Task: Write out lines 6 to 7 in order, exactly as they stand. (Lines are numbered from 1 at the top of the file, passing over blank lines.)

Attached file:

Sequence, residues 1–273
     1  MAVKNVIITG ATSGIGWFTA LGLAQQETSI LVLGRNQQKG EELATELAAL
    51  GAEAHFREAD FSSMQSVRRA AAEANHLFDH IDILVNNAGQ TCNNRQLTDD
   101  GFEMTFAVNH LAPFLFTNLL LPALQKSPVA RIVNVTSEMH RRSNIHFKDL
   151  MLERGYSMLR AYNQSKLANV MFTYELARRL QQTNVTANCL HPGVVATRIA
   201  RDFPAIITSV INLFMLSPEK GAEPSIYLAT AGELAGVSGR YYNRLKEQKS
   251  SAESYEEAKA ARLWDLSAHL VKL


   201  RDFPAIITSV INLFMLSPEK GAEPSIYLAT AGELAGVSGR YYNRLKEQKS
   251  SAESYEEAKA ARLWDLSAHL VKL